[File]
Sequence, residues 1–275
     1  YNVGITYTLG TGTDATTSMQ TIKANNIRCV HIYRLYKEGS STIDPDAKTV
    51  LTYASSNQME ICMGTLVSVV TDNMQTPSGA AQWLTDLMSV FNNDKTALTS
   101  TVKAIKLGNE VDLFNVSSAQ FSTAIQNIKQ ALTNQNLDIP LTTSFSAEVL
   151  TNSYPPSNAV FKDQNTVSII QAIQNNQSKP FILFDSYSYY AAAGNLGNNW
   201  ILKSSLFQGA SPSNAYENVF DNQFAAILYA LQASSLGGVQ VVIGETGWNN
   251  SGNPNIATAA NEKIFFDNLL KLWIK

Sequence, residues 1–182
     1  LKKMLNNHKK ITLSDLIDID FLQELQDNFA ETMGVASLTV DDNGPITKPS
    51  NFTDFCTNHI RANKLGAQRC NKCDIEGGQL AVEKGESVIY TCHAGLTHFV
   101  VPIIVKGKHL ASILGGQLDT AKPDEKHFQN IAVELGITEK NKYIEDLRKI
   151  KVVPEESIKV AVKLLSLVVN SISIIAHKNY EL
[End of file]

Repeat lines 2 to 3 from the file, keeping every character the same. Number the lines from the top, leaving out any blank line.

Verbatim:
     1  YNVGITYTLG TGTDATTSMQ TIKANNIRCV HIYRLYKEGS STIDPDAKTV
    51  LTYASSNQME ICMGTLVSVV TDNMQTPSGA AQWLTDLMSV FNNDKTALTS